As someone living under quarantine for weeks now, I can tell you that in this city, we just want to know when this will end. The president has begun to talk about a second task force to figure out when – and how – we can open up the economy. Even during what may be the worst of this health crisis, planning for the future feels urgent.
We know there will be a tomorrow, and this too shall pass – but we need to have some sense of what that tomorrow will look like. We need to find a way through this, protecting as many lives as possible along the way, so we can re-establish that most precious of human conditions: normalcy.
Never before has the average and the mundane sounded so precious.
Now here are some of the stories we’re reading…
‘No Time to Be Lax:’ Cuomo Extends New York Shutdown, NJ Deaths Top 1,000
A best-case scenario would be for New Jersey to hit its peak April 19 with 86,000 cases. Worst-case scenario? More than half a million cases with a peak in mid-May.
Companies Cite New Government Benefits in Cutting Workers
Equinox joins a number of companies, including Macy’s and Steelcase, that are citing the federal government’s beefed-up unemployment benefits as they furlough or lay off staff amid the coronavirus pandemic. The stimulus package is changing the calculus for some employers, which can now cut payroll costs without feeling they are abandoning their employees.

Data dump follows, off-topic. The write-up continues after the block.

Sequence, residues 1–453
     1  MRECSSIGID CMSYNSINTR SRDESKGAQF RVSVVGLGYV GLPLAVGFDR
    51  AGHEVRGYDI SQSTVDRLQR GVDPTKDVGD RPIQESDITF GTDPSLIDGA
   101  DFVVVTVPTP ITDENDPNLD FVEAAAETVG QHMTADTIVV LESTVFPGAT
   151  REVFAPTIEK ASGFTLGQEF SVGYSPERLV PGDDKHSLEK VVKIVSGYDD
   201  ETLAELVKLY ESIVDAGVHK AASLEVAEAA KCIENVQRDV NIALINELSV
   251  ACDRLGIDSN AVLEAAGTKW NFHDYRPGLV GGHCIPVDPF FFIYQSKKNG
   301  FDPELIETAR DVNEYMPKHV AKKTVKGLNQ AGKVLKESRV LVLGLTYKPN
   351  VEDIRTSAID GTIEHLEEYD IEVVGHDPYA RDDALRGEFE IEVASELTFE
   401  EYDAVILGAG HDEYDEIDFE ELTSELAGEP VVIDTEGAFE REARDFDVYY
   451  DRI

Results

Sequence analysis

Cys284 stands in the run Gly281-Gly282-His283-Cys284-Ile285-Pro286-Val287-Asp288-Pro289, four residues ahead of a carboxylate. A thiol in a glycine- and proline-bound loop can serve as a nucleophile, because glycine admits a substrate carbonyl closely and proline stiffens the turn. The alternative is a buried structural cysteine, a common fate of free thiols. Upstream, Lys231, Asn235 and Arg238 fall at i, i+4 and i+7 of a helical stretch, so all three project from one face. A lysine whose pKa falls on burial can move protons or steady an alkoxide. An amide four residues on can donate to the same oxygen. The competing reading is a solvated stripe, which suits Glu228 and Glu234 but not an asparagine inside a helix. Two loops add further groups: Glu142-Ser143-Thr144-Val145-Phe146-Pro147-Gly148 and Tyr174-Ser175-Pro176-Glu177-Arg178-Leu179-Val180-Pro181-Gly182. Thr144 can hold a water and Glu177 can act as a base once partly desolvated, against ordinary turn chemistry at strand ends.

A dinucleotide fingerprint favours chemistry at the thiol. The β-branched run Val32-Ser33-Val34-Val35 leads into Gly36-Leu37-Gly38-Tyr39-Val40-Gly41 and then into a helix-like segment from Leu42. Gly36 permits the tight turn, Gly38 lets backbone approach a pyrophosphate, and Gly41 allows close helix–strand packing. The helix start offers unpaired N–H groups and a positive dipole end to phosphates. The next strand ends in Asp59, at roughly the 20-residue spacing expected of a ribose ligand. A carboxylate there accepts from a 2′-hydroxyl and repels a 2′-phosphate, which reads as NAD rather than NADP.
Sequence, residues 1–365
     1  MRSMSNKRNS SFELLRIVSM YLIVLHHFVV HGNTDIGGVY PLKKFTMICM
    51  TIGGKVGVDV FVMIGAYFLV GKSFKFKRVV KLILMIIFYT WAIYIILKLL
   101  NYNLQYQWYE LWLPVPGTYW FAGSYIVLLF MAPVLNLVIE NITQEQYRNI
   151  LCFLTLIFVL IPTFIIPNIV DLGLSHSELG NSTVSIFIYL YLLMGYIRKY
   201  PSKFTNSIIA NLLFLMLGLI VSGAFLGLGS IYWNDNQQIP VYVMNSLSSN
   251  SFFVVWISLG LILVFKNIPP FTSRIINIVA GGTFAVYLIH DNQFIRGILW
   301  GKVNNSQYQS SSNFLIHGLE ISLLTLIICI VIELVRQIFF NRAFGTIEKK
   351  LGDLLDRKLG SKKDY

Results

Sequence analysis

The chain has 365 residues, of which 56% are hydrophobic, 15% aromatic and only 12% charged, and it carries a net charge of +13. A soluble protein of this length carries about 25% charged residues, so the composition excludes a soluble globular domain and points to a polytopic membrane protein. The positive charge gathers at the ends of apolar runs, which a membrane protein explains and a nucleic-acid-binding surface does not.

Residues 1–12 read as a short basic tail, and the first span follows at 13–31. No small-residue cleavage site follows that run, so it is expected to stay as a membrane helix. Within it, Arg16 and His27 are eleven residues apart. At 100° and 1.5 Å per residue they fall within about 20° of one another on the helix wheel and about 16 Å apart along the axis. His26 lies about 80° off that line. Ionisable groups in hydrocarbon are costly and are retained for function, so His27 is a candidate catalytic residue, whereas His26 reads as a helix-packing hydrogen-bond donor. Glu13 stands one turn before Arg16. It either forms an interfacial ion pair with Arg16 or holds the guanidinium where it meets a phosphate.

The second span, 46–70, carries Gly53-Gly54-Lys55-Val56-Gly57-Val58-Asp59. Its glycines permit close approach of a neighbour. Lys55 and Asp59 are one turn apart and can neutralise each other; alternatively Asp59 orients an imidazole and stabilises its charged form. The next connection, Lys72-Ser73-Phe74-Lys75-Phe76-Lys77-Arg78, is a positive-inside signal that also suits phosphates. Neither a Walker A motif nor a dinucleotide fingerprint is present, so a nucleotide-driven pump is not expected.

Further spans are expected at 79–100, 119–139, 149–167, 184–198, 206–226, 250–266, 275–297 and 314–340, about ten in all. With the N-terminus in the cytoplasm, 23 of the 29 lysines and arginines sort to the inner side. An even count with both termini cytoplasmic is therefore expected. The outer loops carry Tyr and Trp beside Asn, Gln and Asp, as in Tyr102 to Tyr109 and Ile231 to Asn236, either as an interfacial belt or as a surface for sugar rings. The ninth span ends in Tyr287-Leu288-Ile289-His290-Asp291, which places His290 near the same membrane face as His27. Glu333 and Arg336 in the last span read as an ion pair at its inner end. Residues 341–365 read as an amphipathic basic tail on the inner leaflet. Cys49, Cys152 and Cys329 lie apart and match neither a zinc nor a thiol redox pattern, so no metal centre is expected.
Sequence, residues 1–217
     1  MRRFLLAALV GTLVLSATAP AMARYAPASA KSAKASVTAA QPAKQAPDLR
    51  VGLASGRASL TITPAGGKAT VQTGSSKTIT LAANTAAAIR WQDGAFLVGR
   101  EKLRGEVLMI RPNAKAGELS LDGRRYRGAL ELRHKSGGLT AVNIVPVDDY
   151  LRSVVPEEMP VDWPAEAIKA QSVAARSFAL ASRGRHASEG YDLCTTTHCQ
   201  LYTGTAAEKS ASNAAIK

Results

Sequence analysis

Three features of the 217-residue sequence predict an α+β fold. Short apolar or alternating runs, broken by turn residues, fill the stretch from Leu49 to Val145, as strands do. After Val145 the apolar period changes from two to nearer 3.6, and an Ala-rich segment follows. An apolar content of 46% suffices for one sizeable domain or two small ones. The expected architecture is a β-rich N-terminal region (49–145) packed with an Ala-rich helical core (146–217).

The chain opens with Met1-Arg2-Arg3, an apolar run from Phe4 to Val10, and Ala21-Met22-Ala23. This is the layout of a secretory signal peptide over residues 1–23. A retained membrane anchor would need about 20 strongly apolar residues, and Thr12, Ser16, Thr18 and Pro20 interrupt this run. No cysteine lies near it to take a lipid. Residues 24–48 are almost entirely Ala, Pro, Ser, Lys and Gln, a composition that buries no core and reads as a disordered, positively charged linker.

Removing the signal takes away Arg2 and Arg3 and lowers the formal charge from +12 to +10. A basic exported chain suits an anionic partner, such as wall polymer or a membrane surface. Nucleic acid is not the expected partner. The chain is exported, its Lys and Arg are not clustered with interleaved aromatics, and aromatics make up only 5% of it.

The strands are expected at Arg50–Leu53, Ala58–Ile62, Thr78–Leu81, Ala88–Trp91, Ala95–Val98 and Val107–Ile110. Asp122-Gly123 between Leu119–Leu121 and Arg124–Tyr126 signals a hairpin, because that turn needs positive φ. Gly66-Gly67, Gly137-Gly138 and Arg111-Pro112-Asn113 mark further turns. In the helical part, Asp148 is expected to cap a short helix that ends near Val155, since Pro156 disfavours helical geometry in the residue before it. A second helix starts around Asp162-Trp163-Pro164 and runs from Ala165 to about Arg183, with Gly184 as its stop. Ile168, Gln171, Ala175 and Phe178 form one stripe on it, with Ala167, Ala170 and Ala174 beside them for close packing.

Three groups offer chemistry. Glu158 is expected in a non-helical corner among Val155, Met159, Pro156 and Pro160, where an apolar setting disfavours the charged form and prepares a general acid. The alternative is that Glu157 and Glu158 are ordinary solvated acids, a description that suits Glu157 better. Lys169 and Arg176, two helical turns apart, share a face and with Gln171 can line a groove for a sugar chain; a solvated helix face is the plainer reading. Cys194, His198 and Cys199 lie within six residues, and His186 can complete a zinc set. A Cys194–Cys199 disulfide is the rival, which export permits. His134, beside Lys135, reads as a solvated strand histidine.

You could get 18 months in jail for visiting Colorado county in coronavirus pandemic
Gunnison County officials initiated a public health order last week that says non-residents and tourists must stay out to help slow the spread of coronavirus, and it comes with hefty consequences if it’s violated… If someone doesn’t follow the public health order, they could be hit with a fine of up to $5,000 and spend 18 months in county jail.
Coronavirus: Paris bans daytime outdoor exercise
France has been under strict lockdown measures for almost a month. Anyone who goes outside is required to carry a document stating their reason for leaving home: shopping for necessities, visiting a doctor, or exercise within 1km (half a mile) of their address. Police have fined hundreds of thousands of people for breaking the tight restrictions.
Who is Dominic Raab? What we know about the man who is Boris Johnson’s ‘designated survivor’ as prime minister
The news that Boris Johnson has been hospitalized and is in intensive care for the coronavirus has led to speculation about what would happen if the UK prime minister became too ill to remain in his job.
And let us know what you’re reading at [email protected].
Executive Editor, American Consequences
With P.J. O’Rourke and the Editorial Staff
April 8, 2020